Bacon had also had begun to tackle the nude in a more forthright manner. In his painting Two Figures (1953), the poses were based on Eadweard Muybridge’s book The Human Figure in Motion (1901), images that Bacon transformed to convey more personal and sexual meanings.
In 1954 he exhibited with Ben Nicholson and Lucian Freud in the British Pavilion at the Venice Biennale.
First solo show in New York at Durlacher Brothers Gallery in 1953 and also his first in Paris, at the Galerie Rive Droite in 1957.
In 1956, on the way to Morocco, he visited for the first time the Museo del Prado in Madrid.
By 1957 Bacon’s painting was undergoing a transformation in the pictorial technique and handling of color. In his paintings he was inspired by Van Gogh’s, the Céret works of Chaïm Soutine, and the bright light of Morocco. It was a decisive break with the ghostly forms and somber backgrounds of the first half of the 1950s, and a permanent one.
He signed a contract in October 1958 with Marlborough Fine Art.
In 1961, he took over 7 Reece Mews, a converted coach house in South Kensington that was to be the most important place in his life. He produced there his first large-scale triptych, Three Studies for a Crucifixion (1962).
Towards the end of 1963 a new man entered Bacon’s life, George Dyer, who became a recurrent subject of Bacon’s paintings in the 1960s. Photography became an indispensable means to Bacon’s expressive ends, mainly through John Deakin’s photographs of Dyer and other close friends.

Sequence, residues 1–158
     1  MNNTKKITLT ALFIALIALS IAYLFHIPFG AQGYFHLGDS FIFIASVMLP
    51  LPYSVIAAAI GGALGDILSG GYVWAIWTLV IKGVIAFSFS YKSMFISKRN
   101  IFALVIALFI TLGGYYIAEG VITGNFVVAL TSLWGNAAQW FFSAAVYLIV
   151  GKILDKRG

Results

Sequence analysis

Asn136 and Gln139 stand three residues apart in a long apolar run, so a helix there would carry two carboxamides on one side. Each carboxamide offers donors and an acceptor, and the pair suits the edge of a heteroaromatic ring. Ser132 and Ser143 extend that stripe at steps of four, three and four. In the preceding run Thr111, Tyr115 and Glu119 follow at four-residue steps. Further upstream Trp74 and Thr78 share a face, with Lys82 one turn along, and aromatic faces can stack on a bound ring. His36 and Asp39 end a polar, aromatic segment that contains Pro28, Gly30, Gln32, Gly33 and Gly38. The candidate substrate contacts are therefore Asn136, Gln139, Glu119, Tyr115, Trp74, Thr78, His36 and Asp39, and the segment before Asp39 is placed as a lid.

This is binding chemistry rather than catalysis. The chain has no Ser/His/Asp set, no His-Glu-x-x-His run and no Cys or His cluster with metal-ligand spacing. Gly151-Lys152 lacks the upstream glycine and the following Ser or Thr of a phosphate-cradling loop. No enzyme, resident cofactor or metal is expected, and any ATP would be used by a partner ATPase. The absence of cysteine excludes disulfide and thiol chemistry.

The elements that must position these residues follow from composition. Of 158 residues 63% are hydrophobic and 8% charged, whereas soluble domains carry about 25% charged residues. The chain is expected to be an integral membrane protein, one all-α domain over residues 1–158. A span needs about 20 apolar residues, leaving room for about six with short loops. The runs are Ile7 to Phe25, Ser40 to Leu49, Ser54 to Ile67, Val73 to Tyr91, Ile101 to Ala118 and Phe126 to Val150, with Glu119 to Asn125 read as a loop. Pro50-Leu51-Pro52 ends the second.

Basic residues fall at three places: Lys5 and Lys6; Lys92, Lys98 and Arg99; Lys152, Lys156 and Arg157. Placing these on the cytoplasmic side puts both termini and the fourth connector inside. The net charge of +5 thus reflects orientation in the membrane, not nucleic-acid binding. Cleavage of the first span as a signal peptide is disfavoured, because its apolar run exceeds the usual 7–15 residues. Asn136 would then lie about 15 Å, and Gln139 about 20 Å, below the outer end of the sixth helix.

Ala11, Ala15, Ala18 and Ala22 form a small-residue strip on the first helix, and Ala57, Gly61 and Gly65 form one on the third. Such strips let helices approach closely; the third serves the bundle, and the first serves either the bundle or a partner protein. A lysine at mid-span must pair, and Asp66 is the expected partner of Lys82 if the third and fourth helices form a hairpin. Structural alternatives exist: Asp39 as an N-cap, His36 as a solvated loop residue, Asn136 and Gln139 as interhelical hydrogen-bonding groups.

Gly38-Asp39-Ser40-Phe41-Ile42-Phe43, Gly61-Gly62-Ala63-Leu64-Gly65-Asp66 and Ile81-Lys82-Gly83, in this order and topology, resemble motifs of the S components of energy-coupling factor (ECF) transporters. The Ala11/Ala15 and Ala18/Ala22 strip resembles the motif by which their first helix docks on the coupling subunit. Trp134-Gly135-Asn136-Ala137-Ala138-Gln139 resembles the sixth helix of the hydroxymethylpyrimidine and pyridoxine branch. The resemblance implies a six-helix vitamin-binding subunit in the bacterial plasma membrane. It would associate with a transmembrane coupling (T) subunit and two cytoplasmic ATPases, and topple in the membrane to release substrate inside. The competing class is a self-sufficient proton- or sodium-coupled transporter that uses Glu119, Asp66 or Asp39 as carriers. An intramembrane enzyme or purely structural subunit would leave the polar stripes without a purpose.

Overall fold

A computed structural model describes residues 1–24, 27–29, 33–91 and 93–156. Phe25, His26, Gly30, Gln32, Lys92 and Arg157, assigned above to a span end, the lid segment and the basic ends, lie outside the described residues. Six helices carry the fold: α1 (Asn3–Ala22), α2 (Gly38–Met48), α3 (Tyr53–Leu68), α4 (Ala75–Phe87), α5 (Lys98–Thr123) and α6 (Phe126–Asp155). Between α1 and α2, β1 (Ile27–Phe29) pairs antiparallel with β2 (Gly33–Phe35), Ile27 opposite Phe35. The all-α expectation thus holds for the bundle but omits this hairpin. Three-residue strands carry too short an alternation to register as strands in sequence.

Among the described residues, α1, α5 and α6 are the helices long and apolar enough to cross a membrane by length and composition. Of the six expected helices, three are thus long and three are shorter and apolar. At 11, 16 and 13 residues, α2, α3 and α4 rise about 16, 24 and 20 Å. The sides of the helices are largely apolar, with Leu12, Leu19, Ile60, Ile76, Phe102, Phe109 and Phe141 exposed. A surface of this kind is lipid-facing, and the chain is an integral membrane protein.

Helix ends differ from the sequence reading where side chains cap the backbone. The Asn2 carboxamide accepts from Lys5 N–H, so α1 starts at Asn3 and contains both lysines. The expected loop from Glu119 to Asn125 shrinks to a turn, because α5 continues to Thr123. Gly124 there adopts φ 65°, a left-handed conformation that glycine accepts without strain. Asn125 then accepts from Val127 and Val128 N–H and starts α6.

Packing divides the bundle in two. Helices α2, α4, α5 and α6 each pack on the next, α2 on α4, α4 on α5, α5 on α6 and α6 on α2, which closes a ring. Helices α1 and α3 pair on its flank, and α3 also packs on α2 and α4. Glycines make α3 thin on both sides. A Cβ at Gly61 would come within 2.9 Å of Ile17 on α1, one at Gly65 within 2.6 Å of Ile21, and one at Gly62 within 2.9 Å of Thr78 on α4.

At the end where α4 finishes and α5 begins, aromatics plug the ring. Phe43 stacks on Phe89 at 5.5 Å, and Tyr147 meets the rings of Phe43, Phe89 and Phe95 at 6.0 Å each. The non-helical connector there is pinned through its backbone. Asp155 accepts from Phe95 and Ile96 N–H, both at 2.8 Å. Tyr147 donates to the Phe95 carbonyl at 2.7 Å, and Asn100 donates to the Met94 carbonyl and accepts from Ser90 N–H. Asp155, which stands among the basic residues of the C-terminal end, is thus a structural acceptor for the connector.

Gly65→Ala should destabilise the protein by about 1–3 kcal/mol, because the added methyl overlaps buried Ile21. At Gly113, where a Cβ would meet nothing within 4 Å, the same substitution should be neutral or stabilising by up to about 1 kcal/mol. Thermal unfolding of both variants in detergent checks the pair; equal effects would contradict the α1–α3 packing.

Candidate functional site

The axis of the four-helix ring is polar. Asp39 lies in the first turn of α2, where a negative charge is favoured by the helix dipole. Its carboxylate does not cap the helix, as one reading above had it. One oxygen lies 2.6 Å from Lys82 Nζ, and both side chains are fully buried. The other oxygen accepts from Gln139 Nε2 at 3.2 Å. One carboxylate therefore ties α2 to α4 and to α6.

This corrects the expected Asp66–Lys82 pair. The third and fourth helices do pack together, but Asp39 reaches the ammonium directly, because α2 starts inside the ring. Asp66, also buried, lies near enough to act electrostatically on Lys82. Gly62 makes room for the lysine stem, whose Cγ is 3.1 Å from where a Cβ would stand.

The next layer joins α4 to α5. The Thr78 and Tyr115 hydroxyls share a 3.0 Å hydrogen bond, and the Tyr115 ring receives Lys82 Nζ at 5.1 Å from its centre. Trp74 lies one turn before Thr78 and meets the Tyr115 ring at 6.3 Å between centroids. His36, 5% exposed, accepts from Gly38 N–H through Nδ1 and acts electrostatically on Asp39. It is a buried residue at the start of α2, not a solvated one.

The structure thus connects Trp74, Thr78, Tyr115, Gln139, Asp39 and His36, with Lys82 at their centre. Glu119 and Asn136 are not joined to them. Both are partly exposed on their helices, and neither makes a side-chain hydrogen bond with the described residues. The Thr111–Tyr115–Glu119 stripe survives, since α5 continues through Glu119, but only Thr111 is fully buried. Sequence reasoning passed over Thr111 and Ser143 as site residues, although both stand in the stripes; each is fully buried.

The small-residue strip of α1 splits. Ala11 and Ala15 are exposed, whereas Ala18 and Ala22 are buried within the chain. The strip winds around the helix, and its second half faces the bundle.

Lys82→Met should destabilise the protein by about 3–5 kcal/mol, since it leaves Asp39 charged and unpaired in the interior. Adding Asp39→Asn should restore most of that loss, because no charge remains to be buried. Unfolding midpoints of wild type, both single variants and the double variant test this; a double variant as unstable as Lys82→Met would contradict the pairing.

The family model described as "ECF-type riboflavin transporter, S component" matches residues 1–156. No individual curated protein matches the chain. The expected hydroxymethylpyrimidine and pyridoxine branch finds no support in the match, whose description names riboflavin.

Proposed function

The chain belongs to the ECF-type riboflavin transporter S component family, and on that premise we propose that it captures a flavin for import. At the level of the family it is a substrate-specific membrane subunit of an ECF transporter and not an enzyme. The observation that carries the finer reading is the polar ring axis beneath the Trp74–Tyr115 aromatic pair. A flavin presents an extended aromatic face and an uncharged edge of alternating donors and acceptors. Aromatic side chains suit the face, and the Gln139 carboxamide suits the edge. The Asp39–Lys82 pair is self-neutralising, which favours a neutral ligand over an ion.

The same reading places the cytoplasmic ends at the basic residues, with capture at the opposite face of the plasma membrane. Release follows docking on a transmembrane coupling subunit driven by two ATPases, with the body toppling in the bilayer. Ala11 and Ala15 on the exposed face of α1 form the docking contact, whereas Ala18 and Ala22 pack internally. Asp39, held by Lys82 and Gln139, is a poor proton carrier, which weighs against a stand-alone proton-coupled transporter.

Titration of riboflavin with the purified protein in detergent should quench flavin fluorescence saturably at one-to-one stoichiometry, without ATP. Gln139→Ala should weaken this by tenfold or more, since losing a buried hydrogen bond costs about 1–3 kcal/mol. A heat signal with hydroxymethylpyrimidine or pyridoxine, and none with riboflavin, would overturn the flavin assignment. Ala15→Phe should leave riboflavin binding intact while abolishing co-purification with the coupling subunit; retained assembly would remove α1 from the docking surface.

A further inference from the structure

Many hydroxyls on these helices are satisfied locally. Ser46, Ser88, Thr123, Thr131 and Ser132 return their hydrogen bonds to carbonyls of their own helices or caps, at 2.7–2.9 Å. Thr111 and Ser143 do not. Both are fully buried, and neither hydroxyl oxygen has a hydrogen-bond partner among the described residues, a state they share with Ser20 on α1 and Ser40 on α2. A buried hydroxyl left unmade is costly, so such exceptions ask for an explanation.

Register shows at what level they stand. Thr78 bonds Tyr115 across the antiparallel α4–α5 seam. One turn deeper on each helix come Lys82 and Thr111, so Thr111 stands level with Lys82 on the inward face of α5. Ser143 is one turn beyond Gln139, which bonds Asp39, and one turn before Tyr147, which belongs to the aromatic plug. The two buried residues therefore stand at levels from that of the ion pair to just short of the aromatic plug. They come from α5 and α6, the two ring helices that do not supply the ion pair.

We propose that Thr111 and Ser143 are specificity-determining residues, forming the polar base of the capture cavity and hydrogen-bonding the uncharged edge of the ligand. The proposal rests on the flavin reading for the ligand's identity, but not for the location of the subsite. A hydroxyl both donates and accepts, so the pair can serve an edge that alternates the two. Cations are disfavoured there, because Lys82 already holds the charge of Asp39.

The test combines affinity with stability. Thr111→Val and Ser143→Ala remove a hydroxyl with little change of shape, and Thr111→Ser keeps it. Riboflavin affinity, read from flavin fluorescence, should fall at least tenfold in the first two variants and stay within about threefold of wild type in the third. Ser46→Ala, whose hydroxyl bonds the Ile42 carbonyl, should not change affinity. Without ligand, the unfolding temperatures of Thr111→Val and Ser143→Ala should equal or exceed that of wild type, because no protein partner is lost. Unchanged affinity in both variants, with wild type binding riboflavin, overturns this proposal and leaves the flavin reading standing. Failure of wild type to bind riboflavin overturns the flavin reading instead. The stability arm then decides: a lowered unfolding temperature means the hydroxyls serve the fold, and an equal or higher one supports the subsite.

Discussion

In 1966 Bacon enthusiastically described the paintings in the Cave of Altamira in Cantabria, Spain.
His friend, Alberto Giacometti, was one of the few living artists for whom Bacon had great respect.
Two nights before the opening of Bacon’s retrospective exhibition at the Grand Palais in Paris, in 1971, Dyer was found dead from a drink and barbiturate overdose. A series of paintings records the true strength of Bacon’s grief.
Bacon spent considerable periods of time in Paris during the 1970s, and took a studio there in 1975.
In the mid-1970s he met John Edwards, a good looking Eastender—Bacon’s relationship with him was essentially a paternal one. John Edwards bequeathed the entire contents of the studio of 7 Reece Mews to the Hugh Lane Gallery in Dublin, the city where Bacon was born.
In 1978 he presented his work by the first time in Spain at the Fundación Juan March in Madrid and at the Fundació Joan Miró in Barcelona.
Solo exhibitions and retrospectives of Bacon’s work were held around the world, such as those in Tokyo, Kyoto, and Nagoya in 1983 and in Washington DC in 1989.
He met the challenge of painting landscapes again and simplified his pictorial language, paring it down to its essentials.
In his last years and in declining health, he enjoyed a passionate relationship with a cultivated young Spaniard, whom he had met in 1987. In 1990 he visited Velázquez’s retrospective at the Prado Museum. In 1992 Bacon made a trip to Madrid and within days of arrival he fell critically ill and was hospitalized. He suffered a heart attack and died on April 28.